Afghan govt: 4 held in death of intel deputy


KABUL (AP) — The Afghan intelligence service says four people have been arrested in connection with a suicide bombing that killed the country’s deputy intelligence chief and 22 other people.

The intelligence service said in a statement released Tuesday that all four had confessed to organizing the Sept. 2 bombing, which occurred as Afghan officials were leaving a mosque in Laghman province in eastern Afghanistan.

The bomber approached the crowd on foot and detonated an explosive belt, killing Abdullah Laghmani, who was deputy chief of Afghanistan’s National Directorate for Security and a close ally of Afghan President Hamid Karzai.

Arrested were Abdul Rahman, a Taliban military commander in Laghman, and three members of his insurgent network. The statement did not say when the arrests were made.

THIS IS A BREAKING NEWS UPDATE. Check back soon for further information. AP’s earlier story is below.

KABUL (AP) — Afghan President Hamid Karzai sent a government delegation Tuesday to investigate reports that 10 civilians, including eight students, were killed in fighting involving foreign troops in a tense area of eastern Afghanistan.

Karzai condemned the deaths that reportedly occurred Sunday in a village in the Narang district of Kunar province. If true, the incident would represent the most serious accidental killings of Afghan civilians by Western forces in six months.

Civilian deaths are one of the most sensitive issues for foreign troops in Afghanistan. Although far more civilians are killed by the Taliban, those triggered by foreign troops spark wide resentment and undermine international forces’ attempts to weaken the Taliban.

“The president was deeply saddened and angry when he heard this news,” Karzai’s spokesman Waheed Omar said Tuesday.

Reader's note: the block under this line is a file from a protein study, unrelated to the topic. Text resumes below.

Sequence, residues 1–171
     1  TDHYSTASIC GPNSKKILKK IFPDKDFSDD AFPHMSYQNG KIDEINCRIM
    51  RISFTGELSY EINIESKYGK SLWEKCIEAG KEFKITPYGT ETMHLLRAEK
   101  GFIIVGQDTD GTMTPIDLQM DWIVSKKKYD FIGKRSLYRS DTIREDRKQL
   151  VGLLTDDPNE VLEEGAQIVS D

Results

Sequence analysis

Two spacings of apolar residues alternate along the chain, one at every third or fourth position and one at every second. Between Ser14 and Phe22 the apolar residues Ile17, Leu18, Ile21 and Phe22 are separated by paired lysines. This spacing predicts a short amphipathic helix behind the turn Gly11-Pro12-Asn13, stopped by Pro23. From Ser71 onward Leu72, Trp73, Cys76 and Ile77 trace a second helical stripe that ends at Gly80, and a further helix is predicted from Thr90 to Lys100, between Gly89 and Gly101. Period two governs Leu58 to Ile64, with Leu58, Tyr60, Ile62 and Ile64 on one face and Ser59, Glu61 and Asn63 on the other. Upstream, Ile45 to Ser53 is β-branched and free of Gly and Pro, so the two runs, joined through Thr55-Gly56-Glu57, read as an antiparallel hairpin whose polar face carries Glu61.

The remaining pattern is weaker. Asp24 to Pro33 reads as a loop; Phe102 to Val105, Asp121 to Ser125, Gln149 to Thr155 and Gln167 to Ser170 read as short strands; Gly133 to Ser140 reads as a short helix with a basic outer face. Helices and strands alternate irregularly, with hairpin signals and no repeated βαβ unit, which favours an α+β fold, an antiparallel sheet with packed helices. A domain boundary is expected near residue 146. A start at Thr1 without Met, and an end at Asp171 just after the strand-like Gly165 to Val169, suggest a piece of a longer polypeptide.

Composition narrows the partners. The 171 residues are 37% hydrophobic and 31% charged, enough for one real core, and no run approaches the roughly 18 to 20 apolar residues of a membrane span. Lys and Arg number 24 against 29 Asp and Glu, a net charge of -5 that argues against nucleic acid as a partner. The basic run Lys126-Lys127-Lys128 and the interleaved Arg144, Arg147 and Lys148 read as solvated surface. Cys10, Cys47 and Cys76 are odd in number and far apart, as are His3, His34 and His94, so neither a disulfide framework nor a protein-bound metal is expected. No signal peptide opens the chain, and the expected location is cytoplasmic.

In a criticism of U.S. and NATO-led troops in Afghanistan, Omar said that the Sunday operation should have been coordinated between international forces and the Afghan national army.

“Our national army is now doing 60 percent of the operations,” Omar said. “When the Afghan national army is doing the operations, the civilian casualties are lower.”

NATO said Tuesday it was working with its Afghan partners “and looking into the allegations of civilian casualties.” However, it said it had no operations in the Narang district of Kunar province “at the time of the alleged incident.”

Gen. Zaman Mamozai, local border police commander, insisted Tuesday that those killed Sunday were insurgents.

He told The Associated Press by telephone that he received photos from the forces involved in the fighting that show the young victims were armed insurgents planning attacks against international troops. Mamozai said coalition forces found homemade explosives in the house where the incident happened.

“I don’t see civilians in the photos,” he said. “The coalition said our target was insurgents who were planning to sabotage the security of the area. This operation looks like a successful operation. It seems like the men, ages between 25 and 30, were meeting in a room when they were struck.”

The general, however, conceded that Afghan civilians often get killed unintentionally in such operations.

“Sometimes those kind of incidents happen as civilians jump on the roofs and watch the attacks,” he said. “But, it is very difficult for foreign soldiers to know who they are. The same story had happened in the past.”

However, Mohammed Hussain, head of administration of the Chawkay district in the Kunar province, said he was in the village when the fighting took place, and all the victims were civilians. He said seven of the killed were relatives.

Hussain said coalition forces first surrounded the village in the early morning hours on Sunday before they attacked the house in which “only innocent civilians lived.”

“It is clear there was no insurgency and that they were students who were not carrying weapons,” he told the AP. “They were in three rooms. One of the victims was a 17-year-old who was killed together with his three brothers in one of the rooms.”

In other violence in eastern Afghanistan, the spokesman for the police chief in Khost province said Tuesday that five people died in an explosion inside a house where militants were making homemade explosives. Amir Hussain said the blast occurred Monday night near Khost city.

Also, six militants were killed and eight wounded in a clash Monday night with Afghan forces in Old Baghlan town in northern Afghanistan, the local commander, Gen. Murad Ali Khan, said. Two Afghan National Army soldiers and a member of the Afghan National Police also were killed in the fighting.

“After a two-hour battle, the Afghan forces inflicted heavy casualties to the enemy who escaped from the area, leaving behind their dead and weapons,” he said.